Understanding and Enhancing Microbial Lipid Production for Biofuels
Lipids derived from oil-rich microorganisms such as bacteria, yeast, and microalgae offer a promising source of renewable fuels and chemicals. However, genetic and biochemical mechanisms regulating lipid accumulation in microorganisms are poorly understood. A recent study revealed a novel molecular pathway involved in microbial lipid accumulation. Researchers from the Department of Energy’s (DOE) Great Lakes Bioenergy Research Center (GLBRC) and the University of Wisconsin-Madison used the cryotransmission electron microscope at the DOE Environmental Molecular Sciences Laboratory to study lipid accumulation in the microbe Rhodobacter sphaeroides. Using fatty acid levels to assess membrane lipid content, the team found that the total fatty acid content per cell increased three-fold under low oxygen and anaerobic conditions compared to high oxygen conditions. They also found that the microbes’ lipid and pigment accumulation processes were separable, and they identified a transcription factor called PrrBA that is required for fatty acid accumulation in response to low oxygen levels. This new approach to maximize lipid production through an alteration in the activity of a single transcriptional regulator could lead to the development of strategies for engineering this microbe to increase yields for large-scale production of lipids for biofuels and chemicals.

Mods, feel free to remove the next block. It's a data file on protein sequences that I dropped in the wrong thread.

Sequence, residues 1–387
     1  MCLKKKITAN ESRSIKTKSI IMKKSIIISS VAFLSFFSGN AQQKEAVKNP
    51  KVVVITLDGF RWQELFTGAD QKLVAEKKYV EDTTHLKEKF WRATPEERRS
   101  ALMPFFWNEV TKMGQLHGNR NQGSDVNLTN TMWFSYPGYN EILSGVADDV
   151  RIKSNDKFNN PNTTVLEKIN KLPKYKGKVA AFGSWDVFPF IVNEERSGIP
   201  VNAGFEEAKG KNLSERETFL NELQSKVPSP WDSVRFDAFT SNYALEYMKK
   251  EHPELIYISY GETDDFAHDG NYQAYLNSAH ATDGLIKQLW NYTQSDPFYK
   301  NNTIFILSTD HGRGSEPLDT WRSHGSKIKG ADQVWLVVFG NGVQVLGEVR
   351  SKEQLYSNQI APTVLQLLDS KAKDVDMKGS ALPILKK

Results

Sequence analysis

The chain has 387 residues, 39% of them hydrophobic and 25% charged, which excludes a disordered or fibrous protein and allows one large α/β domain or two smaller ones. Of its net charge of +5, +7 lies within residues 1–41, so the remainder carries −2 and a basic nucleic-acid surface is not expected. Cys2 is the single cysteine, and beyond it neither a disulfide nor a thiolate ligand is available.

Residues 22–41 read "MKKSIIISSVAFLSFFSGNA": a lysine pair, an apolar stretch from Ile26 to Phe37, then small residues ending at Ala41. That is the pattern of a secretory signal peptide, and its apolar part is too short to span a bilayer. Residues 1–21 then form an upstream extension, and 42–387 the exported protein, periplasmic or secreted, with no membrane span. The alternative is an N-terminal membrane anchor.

Lemmer, K. C., A. C. Dohnalkova, D. R. Noguera, and T. J. Donohue. 2015. “Oxygen-Dependent Regulation of Bacterial Lipid Production,” Journal of Bacteriology, DOI: 10.1128/JB.02510-14.